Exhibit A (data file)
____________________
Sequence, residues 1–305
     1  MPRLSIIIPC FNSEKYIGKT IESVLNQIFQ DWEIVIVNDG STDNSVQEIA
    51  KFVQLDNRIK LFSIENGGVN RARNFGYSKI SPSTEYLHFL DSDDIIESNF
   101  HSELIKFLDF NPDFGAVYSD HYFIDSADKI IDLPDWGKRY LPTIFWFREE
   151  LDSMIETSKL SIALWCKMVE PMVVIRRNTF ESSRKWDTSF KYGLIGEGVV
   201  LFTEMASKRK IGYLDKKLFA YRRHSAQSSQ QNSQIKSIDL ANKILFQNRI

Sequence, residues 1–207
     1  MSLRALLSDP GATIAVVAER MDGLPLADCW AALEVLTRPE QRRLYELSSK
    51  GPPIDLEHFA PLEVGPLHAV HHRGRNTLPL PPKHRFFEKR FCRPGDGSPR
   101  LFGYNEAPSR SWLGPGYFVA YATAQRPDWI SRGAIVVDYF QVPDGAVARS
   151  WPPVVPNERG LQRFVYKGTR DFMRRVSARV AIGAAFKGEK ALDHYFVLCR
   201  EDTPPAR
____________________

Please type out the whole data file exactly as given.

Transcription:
Sequence, residues 1–305
     1  MPRLSIIIPC FNSEKYIGKT IESVLNQIFQ DWEIVIVNDG STDNSVQEIA
    51  KFVQLDNRIK LFSIENGGVN RARNFGYSKI SPSTEYLHFL DSDDIIESNF
   101  HSELIKFLDF NPDFGAVYSD HYFIDSADKI IDLPDWGKRY LPTIFWFREE
   151  LDSMIETSKL SIALWCKMVE PMVVIRRNTF ESSRKWDTSF KYGLIGEGVV
   201  LFTEMASKRK IGYLDKKLFA YRRHSAQSSQ QNSQIKSIDL ANKILFQNRI

Sequence, residues 1–207
     1  MSLRALLSDP GATIAVVAER MDGLPLADCW AALEVLTRPE QRRLYELSSK
    51  GPPIDLEHFA PLEVGPLHAV HHRGRNTLPL PPKHRFFEKR FCRPGDGSPR
   101  LFGYNEAPSR SWLGPGYFVA YATAQRPDWI SRGAIVVDYF QVPDGAVARS
   151  WPPVVPNERG LQRFVYKGTR DFMRRVSARV AIGAAFKGEK ALDHYFVLCR
   201  EDTPPAR